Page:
Alexander Bleoo was born on 9 September 1917. He enlisted in the 3rd Field Company RCE in Ottawa on 19 January 1940. He had a hard time adjusting to military life and was found guilty of several military offences early in his training. However, after his release from His Majesty’s Prison Maidstone his record was almost spotless.
On 18 November 1943, he was transferred to the 6th Field Company RCE and he qualified as a concreter shortly after that. By this time the training emphasis of the Company focused on Assault Training and its training focus further sharpened in the first few months of 1944 in preparation for the D-Day landing and assault.
Bleoo landed in the first wave with 2 Platoon in support of B Company of the Regina Rifle Regiment. Of the six sappers in his team, only Bleeo and the team leader L/Sgt G Chapman made it off the beach without being wounded. He didn’t survive the day, however, as at 1700 hrs while moving forward with the Regina Rifle Regiment one mile out of Reviers, the engineers and infantry came under heavy German mortar fire. A mortar round landed in a nearby ditch and he was killed. Due to heavy fire, it wasn’t possible to recover his body and he was initially listed as missing. L/Sgt G. Chapman, who saw him killed, reported his death and Bleoo’s status was changed to “Killed in Action.” His body was eventually recovered and he now rests in the Bretteville-Sur-Laize Canadian War Cemetery in France.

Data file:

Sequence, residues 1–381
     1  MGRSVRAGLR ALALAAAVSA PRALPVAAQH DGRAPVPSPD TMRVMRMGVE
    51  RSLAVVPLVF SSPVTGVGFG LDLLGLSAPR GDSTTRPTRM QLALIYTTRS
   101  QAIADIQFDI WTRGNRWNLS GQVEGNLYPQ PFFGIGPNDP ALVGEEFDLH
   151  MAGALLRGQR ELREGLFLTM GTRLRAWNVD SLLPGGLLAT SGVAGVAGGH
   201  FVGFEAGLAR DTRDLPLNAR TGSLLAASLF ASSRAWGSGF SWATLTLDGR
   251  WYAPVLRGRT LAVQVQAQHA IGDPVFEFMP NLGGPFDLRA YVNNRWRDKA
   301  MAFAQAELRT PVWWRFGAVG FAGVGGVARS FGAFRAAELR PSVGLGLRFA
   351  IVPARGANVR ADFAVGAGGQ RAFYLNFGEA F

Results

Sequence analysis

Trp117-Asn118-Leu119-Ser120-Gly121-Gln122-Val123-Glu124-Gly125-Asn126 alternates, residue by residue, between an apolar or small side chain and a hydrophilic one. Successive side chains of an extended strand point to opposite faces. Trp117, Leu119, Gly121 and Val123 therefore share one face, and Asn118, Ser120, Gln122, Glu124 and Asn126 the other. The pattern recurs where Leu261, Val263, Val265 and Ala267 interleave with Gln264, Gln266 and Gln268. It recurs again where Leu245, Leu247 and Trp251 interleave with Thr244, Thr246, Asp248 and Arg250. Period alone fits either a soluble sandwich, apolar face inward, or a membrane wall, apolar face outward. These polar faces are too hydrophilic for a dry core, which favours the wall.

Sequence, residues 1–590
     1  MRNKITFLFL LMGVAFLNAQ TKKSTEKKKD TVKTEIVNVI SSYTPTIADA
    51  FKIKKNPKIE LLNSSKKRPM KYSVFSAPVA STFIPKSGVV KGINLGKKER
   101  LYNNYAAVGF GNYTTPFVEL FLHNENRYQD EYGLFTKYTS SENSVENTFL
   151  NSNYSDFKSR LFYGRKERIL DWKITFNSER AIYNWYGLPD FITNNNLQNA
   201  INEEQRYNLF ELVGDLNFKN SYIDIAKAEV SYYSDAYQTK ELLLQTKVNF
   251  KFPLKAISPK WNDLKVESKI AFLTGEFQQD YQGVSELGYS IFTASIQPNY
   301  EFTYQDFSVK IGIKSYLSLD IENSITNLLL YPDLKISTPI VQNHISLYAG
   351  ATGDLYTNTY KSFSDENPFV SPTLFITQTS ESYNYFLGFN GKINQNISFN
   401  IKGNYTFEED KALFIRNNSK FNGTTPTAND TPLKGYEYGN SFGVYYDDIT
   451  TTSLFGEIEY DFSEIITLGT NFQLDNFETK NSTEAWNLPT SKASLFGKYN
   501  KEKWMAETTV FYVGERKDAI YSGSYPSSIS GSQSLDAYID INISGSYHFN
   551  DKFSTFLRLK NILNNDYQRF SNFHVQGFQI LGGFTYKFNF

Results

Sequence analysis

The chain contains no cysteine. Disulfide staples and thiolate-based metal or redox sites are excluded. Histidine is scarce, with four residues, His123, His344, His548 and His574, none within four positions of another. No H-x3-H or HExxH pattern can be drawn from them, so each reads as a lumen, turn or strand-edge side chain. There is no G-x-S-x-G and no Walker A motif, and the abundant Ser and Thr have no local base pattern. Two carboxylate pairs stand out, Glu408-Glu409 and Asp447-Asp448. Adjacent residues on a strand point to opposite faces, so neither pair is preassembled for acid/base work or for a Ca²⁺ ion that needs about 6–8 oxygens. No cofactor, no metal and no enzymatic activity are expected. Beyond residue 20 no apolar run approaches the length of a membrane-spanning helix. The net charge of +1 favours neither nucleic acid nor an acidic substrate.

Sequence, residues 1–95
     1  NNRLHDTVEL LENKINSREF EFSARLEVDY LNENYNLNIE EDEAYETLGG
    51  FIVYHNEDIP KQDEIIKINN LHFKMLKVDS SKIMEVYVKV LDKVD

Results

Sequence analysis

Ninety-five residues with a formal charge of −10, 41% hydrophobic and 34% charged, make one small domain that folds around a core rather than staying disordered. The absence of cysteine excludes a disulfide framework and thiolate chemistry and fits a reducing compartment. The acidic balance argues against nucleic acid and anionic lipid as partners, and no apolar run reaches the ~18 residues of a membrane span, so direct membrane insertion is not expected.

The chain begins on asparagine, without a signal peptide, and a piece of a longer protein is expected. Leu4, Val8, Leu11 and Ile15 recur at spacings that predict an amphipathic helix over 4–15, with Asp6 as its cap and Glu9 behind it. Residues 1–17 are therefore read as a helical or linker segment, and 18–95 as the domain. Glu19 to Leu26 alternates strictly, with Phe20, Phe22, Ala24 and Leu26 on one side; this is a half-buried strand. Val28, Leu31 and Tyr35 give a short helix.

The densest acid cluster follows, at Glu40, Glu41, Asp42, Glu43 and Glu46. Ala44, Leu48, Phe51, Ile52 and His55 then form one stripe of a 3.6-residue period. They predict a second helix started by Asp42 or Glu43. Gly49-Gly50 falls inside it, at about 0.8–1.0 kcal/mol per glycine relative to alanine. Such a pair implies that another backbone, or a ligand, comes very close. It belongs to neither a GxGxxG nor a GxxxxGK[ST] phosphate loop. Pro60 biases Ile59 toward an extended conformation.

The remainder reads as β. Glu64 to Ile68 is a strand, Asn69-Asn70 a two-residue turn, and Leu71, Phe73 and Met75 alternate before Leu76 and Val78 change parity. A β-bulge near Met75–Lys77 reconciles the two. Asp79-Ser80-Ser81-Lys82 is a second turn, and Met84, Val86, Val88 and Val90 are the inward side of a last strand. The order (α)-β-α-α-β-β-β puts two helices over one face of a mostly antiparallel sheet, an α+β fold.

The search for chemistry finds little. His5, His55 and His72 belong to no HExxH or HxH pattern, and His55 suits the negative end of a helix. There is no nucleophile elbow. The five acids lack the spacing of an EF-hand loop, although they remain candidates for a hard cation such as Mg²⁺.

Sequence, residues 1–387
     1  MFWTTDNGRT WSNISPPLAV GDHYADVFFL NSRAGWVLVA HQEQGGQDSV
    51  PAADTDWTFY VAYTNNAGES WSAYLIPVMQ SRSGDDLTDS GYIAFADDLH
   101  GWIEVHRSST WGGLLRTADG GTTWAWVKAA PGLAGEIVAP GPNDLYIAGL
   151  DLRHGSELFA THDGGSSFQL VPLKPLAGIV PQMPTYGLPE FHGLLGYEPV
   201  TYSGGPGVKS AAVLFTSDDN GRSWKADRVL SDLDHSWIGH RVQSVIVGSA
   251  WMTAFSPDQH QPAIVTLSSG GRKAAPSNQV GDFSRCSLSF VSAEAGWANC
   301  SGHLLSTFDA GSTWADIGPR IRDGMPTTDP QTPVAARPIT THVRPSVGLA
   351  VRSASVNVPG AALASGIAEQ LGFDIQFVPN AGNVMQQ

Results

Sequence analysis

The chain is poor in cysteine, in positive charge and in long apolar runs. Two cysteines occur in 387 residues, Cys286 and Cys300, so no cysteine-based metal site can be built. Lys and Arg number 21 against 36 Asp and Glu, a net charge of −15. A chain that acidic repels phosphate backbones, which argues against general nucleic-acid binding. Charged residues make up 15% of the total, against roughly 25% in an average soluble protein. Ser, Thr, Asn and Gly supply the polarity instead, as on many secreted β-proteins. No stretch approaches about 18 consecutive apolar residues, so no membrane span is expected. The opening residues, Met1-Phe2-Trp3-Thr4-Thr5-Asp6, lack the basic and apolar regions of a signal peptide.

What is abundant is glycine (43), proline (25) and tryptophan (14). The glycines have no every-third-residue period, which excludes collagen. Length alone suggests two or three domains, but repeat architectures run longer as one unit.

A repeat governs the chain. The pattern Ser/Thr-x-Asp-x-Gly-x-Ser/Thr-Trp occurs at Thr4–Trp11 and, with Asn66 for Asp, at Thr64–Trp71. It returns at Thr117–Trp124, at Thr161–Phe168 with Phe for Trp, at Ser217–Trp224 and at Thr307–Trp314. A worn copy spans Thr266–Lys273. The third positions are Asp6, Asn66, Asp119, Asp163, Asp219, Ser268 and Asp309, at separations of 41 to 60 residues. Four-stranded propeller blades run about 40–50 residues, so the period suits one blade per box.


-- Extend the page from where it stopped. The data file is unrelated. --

..... Based on Research conducted by the 6th Field Engineer Squadron Museum Association.